ADDITION: Criterion Blu-ray (July 2019): Criterion bring Michael Radford's Nineteen Eighty-Four to a 'Director Approved Special Edition' Blu-ray. It is transferred via a "New 4K digital restoration, supervised by cinematographer Roger Deakins". It looks very impressive - the, intentional, theatrical desaturated color palette image is rich with consistent grain texture and deep colors (blues and grays) via a dual-layered rendering with a max'ed out bitrate. This looks just gorgeous on my system with fine detail in close-ups and a wonderful use of the 1.85:1 aspect ratio. The visuals carry depth and exceptional contrast and shadow detail. The image quality is magnificent.

NOTE: We have added 38 more large resolution Criterion Blu-ray captures for DVDBeaver Patrons HERE.

On their Blu-ray, Criterion use linear PCM mono tracks (24-bit) in the original English language with the option of two film scores: one by the British musical duo Eurythmics (Annie Lennox and David A. Stewart) deriving songs like "Sexcrime (Nineteen Eighty-Four)" and "Julia" although the majority of the tracks are instrumental. Also another important option is an orchestral one by composer Dominic Muldowney which includes the opening Aria, This Is Our Land, the main title "Oceania, 'Tis for Thee" etc.. I was keen to hear the Eurythmics score which exports a different tone to the film, although still dystopian, and even the 'Big Brother' dialogue sounds different (not as imposing and less echo-y.) The option is certainly appreciated although after sampling - I think I prefer Muldowney's. Director Radford objected to Virgin Film's insistence on using the more pop-oriented electronic score by the Eurythmics. He expressed his displeasure during his acceptance speech at the Evening Standard British Film Awards and it is pleasing to have both included here. I believe this was a similar option on the Twilight Time Blu-ray release (which I do not own.) Criterion offer optional English subtitles on their Region 'A' Blu-ray.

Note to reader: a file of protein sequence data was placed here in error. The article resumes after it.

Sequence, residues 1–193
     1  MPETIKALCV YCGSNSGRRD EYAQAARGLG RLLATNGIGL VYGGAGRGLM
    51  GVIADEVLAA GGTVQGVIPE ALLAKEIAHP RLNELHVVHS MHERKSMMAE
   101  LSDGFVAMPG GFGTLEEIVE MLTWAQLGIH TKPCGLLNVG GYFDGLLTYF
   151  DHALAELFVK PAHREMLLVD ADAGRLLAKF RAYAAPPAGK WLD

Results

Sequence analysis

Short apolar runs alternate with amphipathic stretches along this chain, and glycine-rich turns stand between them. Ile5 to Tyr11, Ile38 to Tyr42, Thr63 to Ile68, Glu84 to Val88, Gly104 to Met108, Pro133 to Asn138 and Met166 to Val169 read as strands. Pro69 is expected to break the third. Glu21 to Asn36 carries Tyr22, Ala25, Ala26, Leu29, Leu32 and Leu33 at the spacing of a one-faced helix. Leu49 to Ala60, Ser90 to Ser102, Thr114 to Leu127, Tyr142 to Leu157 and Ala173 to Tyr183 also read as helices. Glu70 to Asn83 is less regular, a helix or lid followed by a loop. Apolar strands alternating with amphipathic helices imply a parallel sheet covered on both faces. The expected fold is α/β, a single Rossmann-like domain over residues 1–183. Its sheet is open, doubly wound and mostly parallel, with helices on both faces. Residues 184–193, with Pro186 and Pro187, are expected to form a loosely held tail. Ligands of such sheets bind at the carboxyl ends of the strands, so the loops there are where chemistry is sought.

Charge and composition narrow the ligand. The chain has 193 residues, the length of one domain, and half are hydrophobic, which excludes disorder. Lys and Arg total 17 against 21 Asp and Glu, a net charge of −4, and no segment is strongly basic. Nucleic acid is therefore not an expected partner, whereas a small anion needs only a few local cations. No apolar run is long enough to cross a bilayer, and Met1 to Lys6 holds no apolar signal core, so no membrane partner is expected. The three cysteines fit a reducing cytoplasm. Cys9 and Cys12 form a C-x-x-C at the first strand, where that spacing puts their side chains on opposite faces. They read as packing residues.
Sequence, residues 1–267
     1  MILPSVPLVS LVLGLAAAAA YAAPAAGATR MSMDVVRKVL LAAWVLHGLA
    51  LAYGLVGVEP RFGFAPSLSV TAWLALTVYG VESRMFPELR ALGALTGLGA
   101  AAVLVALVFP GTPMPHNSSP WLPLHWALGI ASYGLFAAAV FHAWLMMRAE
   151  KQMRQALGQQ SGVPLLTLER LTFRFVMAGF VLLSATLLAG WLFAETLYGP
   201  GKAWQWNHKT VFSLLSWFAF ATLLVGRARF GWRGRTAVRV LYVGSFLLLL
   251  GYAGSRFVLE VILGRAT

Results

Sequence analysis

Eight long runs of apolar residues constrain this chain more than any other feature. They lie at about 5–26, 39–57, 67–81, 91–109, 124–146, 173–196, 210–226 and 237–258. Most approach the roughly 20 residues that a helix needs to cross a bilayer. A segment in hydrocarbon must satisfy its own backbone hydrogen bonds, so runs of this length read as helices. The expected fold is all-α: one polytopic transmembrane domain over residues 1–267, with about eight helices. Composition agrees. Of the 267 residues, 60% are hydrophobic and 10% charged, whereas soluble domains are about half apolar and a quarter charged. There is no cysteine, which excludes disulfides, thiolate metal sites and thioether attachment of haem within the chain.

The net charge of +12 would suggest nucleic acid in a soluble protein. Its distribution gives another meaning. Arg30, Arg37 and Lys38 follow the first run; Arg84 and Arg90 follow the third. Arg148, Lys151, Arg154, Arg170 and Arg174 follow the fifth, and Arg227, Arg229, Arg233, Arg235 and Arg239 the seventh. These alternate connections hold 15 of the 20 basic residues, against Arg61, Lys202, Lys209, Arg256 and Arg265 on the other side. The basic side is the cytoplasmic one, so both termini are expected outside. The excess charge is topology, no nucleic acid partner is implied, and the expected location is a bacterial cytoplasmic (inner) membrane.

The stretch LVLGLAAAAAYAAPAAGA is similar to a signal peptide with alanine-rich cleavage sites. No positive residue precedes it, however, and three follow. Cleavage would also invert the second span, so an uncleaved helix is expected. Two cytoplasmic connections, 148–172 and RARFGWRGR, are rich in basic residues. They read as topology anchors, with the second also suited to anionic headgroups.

Supplements include new interviews with director Michael Radford for about 22-minutes - recorded by the Criterion Collection in London in March 2019. He details his experiences making the film, how quickly the project evolved, requesting Richard Branson's support etc.. There is also one with cinematographer Roger Deakins recorded at the same time. He talks about the in-camera appearance that he deems primitive now, the low budget for building sets, his relationship with Radford etc. There is also a new interview with David Ryan, author of George Orwell on Screen running shy of 22-minutes. He relates how he read some essays and was, eventually, hooked on Orwell. He details many of the film versions of 1984. There is less than 5-minutes of Behind-the-scenes footage featuring interviews with director Michael Radford and actors John Hurt and Suzanna Hamilton. There is also a trailer and the package has a liner notes booklet with an essay by writer and performer A. L. Kennedy.

This is a brilliant visual experience. It has both the Totalitarian-warning and is a sexual story (more than a love affair with sex portrayed as an act of rebellion). There are themes of oppression and control venturing to the physical sense with the harrowing torture scenes. I was thrilled with the 4K Blu-ray presentation, the extras and the fascinating, faithful, adaptation. Strongly recommended!  

Gary Tooze

 


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Box Cover

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Distribution Criterion - Region 'A' - Blu-ray